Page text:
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Florida adds 6,772 coronavirus cases, 45 deaths Wednesday

On average, the Florida Department of Health has reported about 6,420 infections and 50 deaths per day over the past seven days.
Florida’s positivity rate was about 10.3 percent Wednesday, according to Johns Hopkins University.
Florida’s positivity rate was about 10.3 percent Wednesday, according to Johns Hopkins University. [ Photo illustration by ASHLEY DYE and DIRK SHADD | Times ]
Published Apr. 14
Updated Apr. 14

Florida reported 6,772 coronavirus cases and 45 deaths Wednesday. The total number of reported statewide deaths is now 34,829.

The state has seen 2,141,686 cases of COVID-19 since the start of the pandemic.

On average, the Florida Department of Health has reported about 6,420 infections and 50 deaths per day over the past seven days. It can take officials up to two weeks to confirm and report a coronavirus-related death, meaning the number of deaths added does not necessarily reflect the number of people who died the previous day.

The health department processed more than 90,000 tests on Tuesday, reporting a daily positivity rate of about 7.4 percent.

Vaccinations: Florida has distributed at least one dose of a coronavirus vaccine to 7,584,736 people, according to Wednesday’s report. There were 47,928 people who received their first shot of a two-dose vaccine on Tuesday and 55,455 who completed a vaccine series. So far, 4,161,541 people have received both doses of the Pfizer or Moderna vaccine, while 2,905,749 people have received just one dose. A total of 517,446 people have received the one-dose Johnson & Johnson vaccine, an increase of 7,199 shots from the previous day.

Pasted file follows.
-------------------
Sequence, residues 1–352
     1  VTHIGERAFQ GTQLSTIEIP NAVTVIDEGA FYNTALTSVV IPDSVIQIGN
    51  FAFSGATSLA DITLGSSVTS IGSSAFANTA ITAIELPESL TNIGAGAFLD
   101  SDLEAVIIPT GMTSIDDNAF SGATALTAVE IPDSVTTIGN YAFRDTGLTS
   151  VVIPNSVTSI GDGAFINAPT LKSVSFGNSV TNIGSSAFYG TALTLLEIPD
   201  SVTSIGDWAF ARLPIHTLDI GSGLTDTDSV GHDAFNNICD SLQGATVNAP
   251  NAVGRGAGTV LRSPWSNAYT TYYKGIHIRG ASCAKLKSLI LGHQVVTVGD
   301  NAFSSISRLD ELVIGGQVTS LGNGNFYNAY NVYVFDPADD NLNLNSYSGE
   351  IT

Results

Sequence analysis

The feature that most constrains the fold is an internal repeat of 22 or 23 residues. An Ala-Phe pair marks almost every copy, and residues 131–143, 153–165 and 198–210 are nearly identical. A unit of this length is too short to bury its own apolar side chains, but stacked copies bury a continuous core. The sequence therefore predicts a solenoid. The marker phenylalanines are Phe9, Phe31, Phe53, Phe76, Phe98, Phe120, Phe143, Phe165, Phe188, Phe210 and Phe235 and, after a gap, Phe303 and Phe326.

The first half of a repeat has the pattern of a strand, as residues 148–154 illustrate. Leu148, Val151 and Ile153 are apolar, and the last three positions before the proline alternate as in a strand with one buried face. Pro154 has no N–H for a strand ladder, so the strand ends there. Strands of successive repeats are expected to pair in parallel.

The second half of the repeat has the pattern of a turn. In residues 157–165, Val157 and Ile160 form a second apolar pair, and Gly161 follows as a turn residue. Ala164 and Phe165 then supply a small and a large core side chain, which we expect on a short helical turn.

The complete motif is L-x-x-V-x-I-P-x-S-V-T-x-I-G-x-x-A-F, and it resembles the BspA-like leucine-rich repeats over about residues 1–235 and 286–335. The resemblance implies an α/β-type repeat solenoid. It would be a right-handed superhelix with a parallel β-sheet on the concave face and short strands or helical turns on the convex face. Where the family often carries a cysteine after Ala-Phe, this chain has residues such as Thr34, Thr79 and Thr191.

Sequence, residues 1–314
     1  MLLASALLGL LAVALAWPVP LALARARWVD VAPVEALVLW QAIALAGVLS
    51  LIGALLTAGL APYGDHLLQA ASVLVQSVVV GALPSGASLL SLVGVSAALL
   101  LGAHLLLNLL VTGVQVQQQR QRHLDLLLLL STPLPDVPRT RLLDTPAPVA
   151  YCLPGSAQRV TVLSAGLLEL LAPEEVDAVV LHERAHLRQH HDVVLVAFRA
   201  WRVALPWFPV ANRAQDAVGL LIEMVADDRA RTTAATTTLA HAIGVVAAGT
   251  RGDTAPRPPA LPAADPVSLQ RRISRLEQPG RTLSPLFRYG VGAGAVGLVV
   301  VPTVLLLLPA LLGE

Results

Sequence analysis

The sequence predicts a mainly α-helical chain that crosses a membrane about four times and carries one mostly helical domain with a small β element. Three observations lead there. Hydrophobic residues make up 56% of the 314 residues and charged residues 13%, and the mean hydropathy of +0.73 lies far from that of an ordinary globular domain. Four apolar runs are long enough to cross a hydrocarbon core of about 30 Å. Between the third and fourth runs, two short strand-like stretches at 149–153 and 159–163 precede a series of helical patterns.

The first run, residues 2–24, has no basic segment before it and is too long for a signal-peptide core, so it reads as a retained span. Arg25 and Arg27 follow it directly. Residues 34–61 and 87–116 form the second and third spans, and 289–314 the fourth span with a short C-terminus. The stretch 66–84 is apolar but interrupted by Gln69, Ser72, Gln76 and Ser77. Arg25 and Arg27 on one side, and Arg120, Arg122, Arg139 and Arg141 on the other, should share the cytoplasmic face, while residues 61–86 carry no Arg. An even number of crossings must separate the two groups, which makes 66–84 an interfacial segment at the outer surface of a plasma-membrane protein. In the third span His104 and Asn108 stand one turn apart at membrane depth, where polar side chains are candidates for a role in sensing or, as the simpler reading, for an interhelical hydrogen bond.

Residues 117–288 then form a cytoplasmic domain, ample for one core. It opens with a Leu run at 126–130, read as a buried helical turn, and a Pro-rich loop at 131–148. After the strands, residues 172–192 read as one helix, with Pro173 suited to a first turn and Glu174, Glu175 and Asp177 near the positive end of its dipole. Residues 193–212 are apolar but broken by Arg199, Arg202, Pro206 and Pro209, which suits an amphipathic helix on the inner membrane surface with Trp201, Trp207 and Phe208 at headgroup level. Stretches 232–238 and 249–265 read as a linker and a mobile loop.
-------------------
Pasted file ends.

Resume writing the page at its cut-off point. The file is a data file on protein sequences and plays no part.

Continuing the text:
The distribution of the Johnson & Johnson vaccine was paused Monday due to concerns about blood clots forming in patients, though some shots were still distributed, including at the Tampa Greyhound Track which stopped giving the vaccine early Monday morning.

In Hillsborough County, 462,080 people have been vaccinated; in Pinellas, 371,788; in Pasco, 175,783; in Manatee, 151,243; in Polk, 199,369; in Hernando, 60,056; and in Citrus, 55,390.

Hospitalizations: As of Wednesday, Florida hospitals were treating 3,258 patients for COVID-19, including 758 people in the Tampa Bay region.

The health department reported 241 new admissions Wednesday, including 56 admissions locally.

About 20 percent of hospital beds and 21 percent of adult intensive care unit beds were available statewide. In Tampa Bay, about 18 percent of hospital beds and 17 percent of adult ICU beds were open.

Positivity: Florida’s positivity rate was about 10.3 percent Wednesday, according to Johns Hopkins University.

Before reopening, states should maintain a positivity rate of 5 percent or less for at least two weeks, according to the World Health Organization. A positivity rate of 5 percent or less indicates testing is widespread enough to capture mild, asymptomatic and negative cases.

The District of Columbia and 23 states currently have a positivity rate below 5 percent.

Local numbers: Tampa Bay added 1,495 cases and three deaths Wednesday.

Hillsborough, Pasco and Manatee counties added one death each. Pinellas County removed one death from its count, meaning the death was not coronavirus-related or the person who died was not a resident. There were no new deaths in Hernando, Polk and Citrus counties.

Hillsborough and Pasco counties had weekly average positivity rates of about 10 percent as of Wednesday. Polk had a positivity rate of about 9 percent while Hernando was 8 percent. Pinellas and Manatee counties had positivity rates of about 7 percent. Citrus had a positivity rate of about 5 percent.

As of the latest count, Hillsborough has 127,969 cases and 1,667 deaths, Pinellas has 75,615 cases and 1,589 deaths, Polk has 63,919 cases and 1,287 deaths, Manatee has 36,362 cases and 658 deaths, Pasco has 38,387 cases and 722 deaths, Hernando has 12,970 cases and 453 deaths, and Citrus has 10,587 cases and 436 deaths.

How fast is the number of Florida COVID-19 cases growing?

Is Florida’s coronavirus outbreak still growing?

Florida coronavirus cases by age group

Doctors say older people are at a greater risk to developing severe symptoms from COVID-19, which makes Florida especially vulnerable.

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